According to the association, each of its 10 unions received a letter from the health system May 15, in which the system refused to divulge how much funding it received in federal COVID-19 grants. The health system also has refused to provide details about its protective gear inventory, the unions allege.
“The fact that they won’t share basic financial information with those of us working on the front lines makes you wonder if they have something to hide,” said Christie Serniak, a nurse at McLaren Central Michigan hospital in Mount Pleasant and president of the Michigan Nurses Association affiliate.
But the health system maintains it has been transparent and has worked with labor unions and bargaining units across the system since the beginning of the coronavirus pandemic.
“We’ve openly shared information about our operations, the challenges of restrictions on elective procedures, our plans for managing influxes of patients and our supplies of personal protective equipment,” Shela Khan Monroe, vice president of labor and employment relations at McLaren Health Care told Becker’s Hospital Review.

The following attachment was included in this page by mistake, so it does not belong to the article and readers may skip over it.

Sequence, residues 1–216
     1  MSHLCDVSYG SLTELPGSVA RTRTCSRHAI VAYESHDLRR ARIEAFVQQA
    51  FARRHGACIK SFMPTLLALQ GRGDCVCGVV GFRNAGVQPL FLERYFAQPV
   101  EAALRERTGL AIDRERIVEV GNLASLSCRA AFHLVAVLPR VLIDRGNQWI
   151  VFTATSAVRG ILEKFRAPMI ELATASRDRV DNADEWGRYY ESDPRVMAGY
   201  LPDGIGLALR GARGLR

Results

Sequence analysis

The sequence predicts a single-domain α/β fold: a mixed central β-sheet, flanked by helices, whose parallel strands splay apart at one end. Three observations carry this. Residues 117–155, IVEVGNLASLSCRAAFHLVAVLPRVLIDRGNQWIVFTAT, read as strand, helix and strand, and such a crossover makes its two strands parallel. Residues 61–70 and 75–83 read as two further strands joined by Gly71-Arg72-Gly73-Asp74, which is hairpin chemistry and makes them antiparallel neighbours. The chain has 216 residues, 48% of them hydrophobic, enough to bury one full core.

Ms. Khan Monroe said that the information has been shared through weekly meetings, departmental meetings and several union negotiation sessions over the last two months.
The unions also say that the health system has not offered its workers hazard pay or COVID-19 paid leave that is on par with other systems. They say that only workers who test positive for COVID-19 can take additional paid time off.
In a written statement, McLaren disputed the union’s claims about employee leave, saying that employees “dealing with child care and other COVID-related family matters” can take time off to care for loved ones.
McLaren did not specify if this time off is paid. Becker’s has reached out for clarification and will update the article once more information is available.
“We have negotiations pending with several of the unions involved in the coalition, and while we are deeply disappointed in these recent tactics, we will continue to work towards productive outcomes for all concerned,” said Ms. Khan Monroe.
Recently, a coalition of unions urged McLaren Health Care executives to reduce their own salaries before laying off employees.